The UK’s IAPT Service Is an Abject Failure


In 2012, an editorial in the prestigious journal Nature claimed that the UK’s IAPT Service is “world-beating”—meaning that the service is the world’s best for treating mental health concerns. Now that 10 years have passed, it’s clear that this was not true. Despite the hype, the IAPT is hardly “world-beating.” In fact, it is a doubtful model for other countries to follow.

The IAPT (“Improving Access to Psychological Therapies”) was created in 2008 and fully funded by the UK government (though restricted to provision only in England). The program claims to provide evidence-based psychological treatment, most commonly in the form of cognitive behavioural therapy. It was initially focused on patients with depression and anxiety disorder diagnoses, but its scope has been gradually expanded to include the psychological treatment of long-term physical conditions such as chronic fatigue syndrome.

Patients either self-refer (at no cost) or are referred to the IAPT by their primary care physician/general practitioner. Clients are initially assessed during a 30-minute telephone conversation by a Psychological Wellbeing Practitioner (PWP) who is not an accredited therapist and is not trained to diagnose. IAPT clients initially receive low-intensity CBT (six hours or less of therapy contact) delivered by a PWP. If they are deemed not to have responded to this, on the basis of a psychometric test, they can be “stepped up” to high-intensity CBT delivered by an accredited psychological therapist.

How Well Is the IAPT Doing?

Proponents of the IAPT cite its outcomes for the clients who complete their treatment sessions—but over half of IAPT clients don’t even attend two sessions. The response of the IAPT to this massive disengagement with the service—clients “voting with their feet,” as it were—is currently to offer training to its staff to “streamline” matters by encouraging them to use a computer algorithm to decide which clients go where. This training, which was held on June 22, 2022, involves expert advice from the CEO of Limbic, an artificial intelligence company. Thus, not only are IAPT staff to be distracted by clients having to complete psychometric tests at each encounter, but now additionally by the administration of the computer algorithm.

Yet Limbic claims it is “an AI assistant for clinical assessments in IAPT—improving access, reducing costs and freeing up staff time.” Where is the independent evidence for this? What clients really want is to be listened to, but there is little chance of this any time soon. Conquering disengagement in this manner is a forlorn hope.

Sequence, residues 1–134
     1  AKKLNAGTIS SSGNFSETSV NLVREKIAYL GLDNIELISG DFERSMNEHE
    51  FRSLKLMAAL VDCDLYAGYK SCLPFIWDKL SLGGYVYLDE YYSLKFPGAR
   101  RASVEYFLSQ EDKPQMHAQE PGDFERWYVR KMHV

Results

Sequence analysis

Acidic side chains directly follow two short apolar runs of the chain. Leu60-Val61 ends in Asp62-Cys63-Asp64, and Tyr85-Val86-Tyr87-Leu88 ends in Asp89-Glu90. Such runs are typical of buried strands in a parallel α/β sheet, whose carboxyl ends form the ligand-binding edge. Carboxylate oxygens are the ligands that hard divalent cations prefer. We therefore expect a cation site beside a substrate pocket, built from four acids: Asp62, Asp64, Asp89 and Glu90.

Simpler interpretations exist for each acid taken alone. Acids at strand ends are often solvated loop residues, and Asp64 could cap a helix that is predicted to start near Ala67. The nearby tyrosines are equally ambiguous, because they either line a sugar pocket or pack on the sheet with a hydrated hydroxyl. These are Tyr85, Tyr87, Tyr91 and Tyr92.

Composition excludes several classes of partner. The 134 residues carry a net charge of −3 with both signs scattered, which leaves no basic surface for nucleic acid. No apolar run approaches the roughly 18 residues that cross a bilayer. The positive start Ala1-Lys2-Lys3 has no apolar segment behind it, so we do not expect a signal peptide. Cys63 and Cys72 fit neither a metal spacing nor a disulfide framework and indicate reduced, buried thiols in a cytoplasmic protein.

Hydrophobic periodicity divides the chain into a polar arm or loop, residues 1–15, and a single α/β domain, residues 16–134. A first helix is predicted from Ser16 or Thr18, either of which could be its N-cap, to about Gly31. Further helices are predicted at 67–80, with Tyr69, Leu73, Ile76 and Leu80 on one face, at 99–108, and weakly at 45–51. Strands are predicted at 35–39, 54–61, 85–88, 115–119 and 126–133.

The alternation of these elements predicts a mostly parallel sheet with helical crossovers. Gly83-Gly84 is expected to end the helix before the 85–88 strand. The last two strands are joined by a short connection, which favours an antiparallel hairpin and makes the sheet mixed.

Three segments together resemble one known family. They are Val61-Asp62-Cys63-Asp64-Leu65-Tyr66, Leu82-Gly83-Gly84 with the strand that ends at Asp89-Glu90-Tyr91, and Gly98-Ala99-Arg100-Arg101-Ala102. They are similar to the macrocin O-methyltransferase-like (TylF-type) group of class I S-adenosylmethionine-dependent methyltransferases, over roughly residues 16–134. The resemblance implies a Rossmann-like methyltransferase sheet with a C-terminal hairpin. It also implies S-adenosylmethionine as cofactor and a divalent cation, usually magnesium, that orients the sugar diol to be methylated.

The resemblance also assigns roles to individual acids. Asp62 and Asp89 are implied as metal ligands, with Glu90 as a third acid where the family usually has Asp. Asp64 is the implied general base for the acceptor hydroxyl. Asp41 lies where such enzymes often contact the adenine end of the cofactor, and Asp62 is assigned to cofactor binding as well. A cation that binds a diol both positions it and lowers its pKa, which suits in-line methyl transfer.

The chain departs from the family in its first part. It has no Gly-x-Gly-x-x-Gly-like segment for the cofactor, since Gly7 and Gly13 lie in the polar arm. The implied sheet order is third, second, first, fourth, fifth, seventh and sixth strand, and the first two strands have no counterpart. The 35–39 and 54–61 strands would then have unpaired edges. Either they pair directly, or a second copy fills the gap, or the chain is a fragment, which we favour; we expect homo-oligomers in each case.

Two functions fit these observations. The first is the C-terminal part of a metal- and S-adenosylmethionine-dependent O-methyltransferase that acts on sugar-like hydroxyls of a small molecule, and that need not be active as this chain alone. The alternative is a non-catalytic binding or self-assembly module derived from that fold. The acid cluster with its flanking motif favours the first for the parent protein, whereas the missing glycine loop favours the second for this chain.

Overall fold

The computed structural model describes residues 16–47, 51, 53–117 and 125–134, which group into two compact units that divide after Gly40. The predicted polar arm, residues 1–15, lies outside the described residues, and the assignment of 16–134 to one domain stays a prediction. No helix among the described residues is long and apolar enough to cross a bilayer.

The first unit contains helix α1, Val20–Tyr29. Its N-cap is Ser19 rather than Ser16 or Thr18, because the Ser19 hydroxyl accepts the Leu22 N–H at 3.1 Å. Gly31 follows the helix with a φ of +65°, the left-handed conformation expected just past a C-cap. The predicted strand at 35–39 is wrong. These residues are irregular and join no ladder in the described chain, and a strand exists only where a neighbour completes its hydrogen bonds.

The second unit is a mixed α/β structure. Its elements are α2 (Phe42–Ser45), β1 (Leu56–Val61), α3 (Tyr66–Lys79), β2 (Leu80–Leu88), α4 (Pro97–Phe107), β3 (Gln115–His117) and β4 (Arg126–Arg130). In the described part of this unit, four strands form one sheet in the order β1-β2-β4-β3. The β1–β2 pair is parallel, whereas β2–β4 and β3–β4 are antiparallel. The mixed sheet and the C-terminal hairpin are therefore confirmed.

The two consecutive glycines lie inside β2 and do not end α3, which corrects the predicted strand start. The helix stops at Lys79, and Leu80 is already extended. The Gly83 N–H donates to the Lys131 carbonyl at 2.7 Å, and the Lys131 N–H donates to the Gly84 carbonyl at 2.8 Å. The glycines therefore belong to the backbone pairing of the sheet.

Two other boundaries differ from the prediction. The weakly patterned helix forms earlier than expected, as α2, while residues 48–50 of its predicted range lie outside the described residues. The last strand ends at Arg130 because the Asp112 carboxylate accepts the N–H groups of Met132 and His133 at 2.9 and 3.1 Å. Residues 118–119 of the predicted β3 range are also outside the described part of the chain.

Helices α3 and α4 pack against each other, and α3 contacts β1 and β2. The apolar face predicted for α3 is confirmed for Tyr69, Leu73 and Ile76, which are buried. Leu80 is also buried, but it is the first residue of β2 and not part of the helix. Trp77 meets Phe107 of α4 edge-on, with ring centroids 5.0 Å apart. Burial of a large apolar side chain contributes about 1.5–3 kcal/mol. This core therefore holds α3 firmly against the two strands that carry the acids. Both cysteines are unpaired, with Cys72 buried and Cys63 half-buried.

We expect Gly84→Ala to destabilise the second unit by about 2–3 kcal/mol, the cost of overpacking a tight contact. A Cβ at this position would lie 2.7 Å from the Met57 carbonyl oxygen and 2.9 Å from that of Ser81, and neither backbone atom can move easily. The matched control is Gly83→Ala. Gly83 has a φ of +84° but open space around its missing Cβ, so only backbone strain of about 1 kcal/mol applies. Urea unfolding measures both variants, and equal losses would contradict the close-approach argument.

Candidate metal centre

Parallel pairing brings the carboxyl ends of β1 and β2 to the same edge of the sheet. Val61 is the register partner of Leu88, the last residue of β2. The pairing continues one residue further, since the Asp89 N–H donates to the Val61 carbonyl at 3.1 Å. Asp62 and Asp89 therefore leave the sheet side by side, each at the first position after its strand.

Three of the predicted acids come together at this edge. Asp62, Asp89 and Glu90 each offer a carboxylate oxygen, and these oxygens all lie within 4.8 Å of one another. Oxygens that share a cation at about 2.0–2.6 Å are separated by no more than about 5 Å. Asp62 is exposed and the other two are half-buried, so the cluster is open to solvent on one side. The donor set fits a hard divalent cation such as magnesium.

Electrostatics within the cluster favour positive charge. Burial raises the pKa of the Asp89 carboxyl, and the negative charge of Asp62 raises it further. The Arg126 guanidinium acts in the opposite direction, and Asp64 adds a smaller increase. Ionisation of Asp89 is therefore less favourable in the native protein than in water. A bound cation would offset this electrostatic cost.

IAPT’s 2019 manual states that IAPT staff do not make a diagnosis. However, the treatment recommendations of NICE (the UK’s National Institute for Health and Clinical Excellence) are explicitly tied to a taxonomy of specific treatments for identified disorders (largely, diagnosis-specific variations on CBT). IAPT legitimises itself by a claim to be NICE compliant, but how could they be if they don’t make diagnoses? How can they follow NICE’s specific treatment guidelines without first assessing which condition they are treating?

Whilst the IAPT’s claim to be NICE-compliant might be music to the ears of NHS England and clinical commissioning groups, it is simply not true. No independent fidelity checks have ever have been made on IAPT’s ministrations. IAPT allegedly provides specific CBT protocols for different disorders, but it has provided no evidence that it does this.

In my examination of the physician’s records of 90 IAPT clients, I found no evidence of compliance with CBT protocols. IAPT operates simply as a business with superb marketing.

In no independent audit of IAPT, have clients been asked “are you back to your usual self since this treatment?” This is a goal that is meaningful to the client—with the possible supplementary question, “for how long have you been back to your usual self?” In papers published by IAPT staff, no such real-world outcome measures have ever been used. Instead, reliance has been placed on changes in psychometric test scores. Yet without a control group, it’s impossible to know whether these changes would have occurred with passage of time anyway. After all, people present to psychological treatment at their worst, and at any other time, they are likely to score better. In statistics, this principle is known as regression to the mean, and it is vital to account for this effect.

Further, the client knows his/her therapist sees their completed questionnaire, pushing them to respond more positively. A client may also not want to endorse negative responses on the questionnaire because it would mean acknowledging that they have wasted their time in therapy. These are known issues with self-report measures that are commonly cited as important limitations in research studies.

Finally, the questionnaire results also give no indication of whether any improvement has lasted for a period that the client would regard as meaningful, such as eight weeks or (hopefully) more.

In an era of personalised medicine, it is essential that the voice of the client is heard. It is an almost ubiquitous failure of studies to employ a primary outcome measure that a client can identify with—known as patient-centred outcomes. Perhaps the nearest proxy is loss of diagnostic status (full recovery) determined by an independent assessor. The burden of proof rests on providers of services to demonstrate that their treatments are making an important difference to a client’s life in a way that is clearly recognisable to the client. IAPT has not cleared this evidential bar.